How LA Taught Julietta to 'Levitate'

How LA Taught Julietta to 'Levitate'

Julietta floats into the recording booth and then walks across storm clouds. The pop singer, who hails from New York's Upper West Side, has transfixed a growing audience since the release of her debut single, "Beach Break", in 2017 and her first EP, Smooth Sailing, the following year. Now her game plan for synth-pop mind control has been revealed with her new follow-up project, Levitate, out today.

Before ripping the plastic off her latest, you should know a bit about it first. Two years ago, Julietta moved to Los Angeles from New York for a chance at rebirth, specifically wanting to "dive into something new but somewhat familiar," as she tells PAPER. "I got too comfortable in New York, it was too easy to hide my truth. Growing up in New York City I trained myself to jump into the city madness and out of myself when my life got to be too much, and New York made that so easy and fun."

Once she dropped her bags in the city of palm trees, Julietta learned to grow — musically and spiritually. And that's when Levitate was born: off the wish to achieve the next level of spiritual mastery. She released the title track to the project in 2020 and it's safe to say that now it's coming out, her journey is complete.

Here's Julietta on Levitate's six songs.


This song really captured my initial mood when moving: Empowered, excited, ready for change. I was singing to my life in New York, my family and friends. At the end of the day, all you have is yourself, others can't help you the way that you can. That was my mood that day.


It's such a fun energetic song, I can't help but perk up when I hear it. I wrote "Dopamine" with Sean Silverman and Jordan Topf in their East LA studio after having a session with a healer here in LA. The healer revealed something in me. He explained why I am so addicted to my darker side in a way that finally felt relatable. He told me that the reason I get a thrill in doing things which are harmful to me is because I left my innocence in the painful memories. The little girl that I was before my innocence was "lost" hides in the painful spaces within my heart and mind. I lost that innocence so young that I became accustomed to chasing feelings in the most dangerous ways as I got older. I chase it through spikes of dopamine. That blew my mind and made so much sense, he helped me open my heart in ways I wasn't able to before. I'm grateful for him.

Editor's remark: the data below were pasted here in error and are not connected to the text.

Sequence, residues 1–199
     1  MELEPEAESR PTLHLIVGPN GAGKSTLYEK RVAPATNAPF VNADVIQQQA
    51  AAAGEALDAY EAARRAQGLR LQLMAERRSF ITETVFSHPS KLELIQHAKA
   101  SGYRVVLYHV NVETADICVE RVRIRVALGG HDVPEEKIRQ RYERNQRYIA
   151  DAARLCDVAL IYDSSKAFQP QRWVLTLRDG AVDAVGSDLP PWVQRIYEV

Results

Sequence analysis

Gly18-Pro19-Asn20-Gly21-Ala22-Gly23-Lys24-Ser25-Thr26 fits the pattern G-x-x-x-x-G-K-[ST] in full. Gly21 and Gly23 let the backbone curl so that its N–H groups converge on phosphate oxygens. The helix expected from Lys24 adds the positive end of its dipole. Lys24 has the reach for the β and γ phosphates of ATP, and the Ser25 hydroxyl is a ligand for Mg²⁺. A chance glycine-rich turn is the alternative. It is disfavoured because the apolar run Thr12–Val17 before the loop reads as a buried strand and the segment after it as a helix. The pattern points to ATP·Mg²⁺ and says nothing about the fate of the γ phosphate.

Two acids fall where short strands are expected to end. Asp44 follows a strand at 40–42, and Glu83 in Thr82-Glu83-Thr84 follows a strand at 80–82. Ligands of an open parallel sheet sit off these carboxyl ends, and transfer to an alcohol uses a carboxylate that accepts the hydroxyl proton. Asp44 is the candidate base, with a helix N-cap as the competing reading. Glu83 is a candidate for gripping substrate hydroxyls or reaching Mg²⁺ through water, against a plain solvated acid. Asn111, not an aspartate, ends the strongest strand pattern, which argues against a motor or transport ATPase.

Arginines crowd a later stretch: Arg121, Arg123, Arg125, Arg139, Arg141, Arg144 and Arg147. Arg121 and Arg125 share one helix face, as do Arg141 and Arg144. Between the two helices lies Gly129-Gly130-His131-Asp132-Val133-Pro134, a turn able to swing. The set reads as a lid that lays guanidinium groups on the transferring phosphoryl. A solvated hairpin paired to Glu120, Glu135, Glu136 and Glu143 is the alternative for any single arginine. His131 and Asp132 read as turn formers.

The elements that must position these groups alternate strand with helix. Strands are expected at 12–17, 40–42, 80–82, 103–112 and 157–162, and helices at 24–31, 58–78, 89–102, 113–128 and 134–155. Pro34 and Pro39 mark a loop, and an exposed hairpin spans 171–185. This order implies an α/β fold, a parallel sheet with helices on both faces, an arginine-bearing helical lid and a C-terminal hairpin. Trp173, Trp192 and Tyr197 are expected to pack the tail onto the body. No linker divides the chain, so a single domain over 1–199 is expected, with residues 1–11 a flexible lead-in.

What a fun song to write! My best friend Jack Goodman, who I lived with at the time, had a studio in his room. We write a lot together, and since it was also my home I felt so comfortable and free. "Ghosted" captured that vibe. One Saturday morning I rolled into his room with my PJs on after hearing the sound of that sick synth line and I was like, "Yooooo can I get on that?!" and there it was born! It was a fantasy song — an homage to my old ways of dissociating and running away. The lyrics and melodies just flew out of me.

"Gotta Get Up"

That fall [in LA], there was a restricting feeling lingering over my body and mind. A frustration with intimate relationships gone sour and side jobs feeling soulless. I felt trapped. I ran to my friend's Venice Beach garage where he has his studio, surrounded by both nature and the ocean and, desperate to get my feelings off my chest, I wrote this. I opened myself up, reminding myself that no matter what happens, life will go on and I will get up again, as I always do.

"Fall Apart"

I met a friend named Jake Weary, who is an amazing producer I know from New York. We started messing around with some sounds, and created a really cool loose and trippy world. I was feeling nostalgic, missing my family and home. I still hadn't visited since I moved. I got on the microphone and this song came out so naturally, it was like I was having a conversation with myself. It was a reminder to loosen my grip, the tendency to control. Life in LA was still relatively new, even though six months had passed. I was still unsure of where I belonged, other than my bedroom. My subconscious was encouraging me to keep moving forward, continue letting go of my story, to fall apart. Only then could I meet myself on the other side.

"Not Today", with Dustin Atlas

I was still on this high of everything being new and exciting. It felt so right. I was sure, there's no way I would ever go back to the bottom now. I had a new understanding of being with myself away from everyone and I was so excited to continue exploring it.

Photography: Kévin Drelon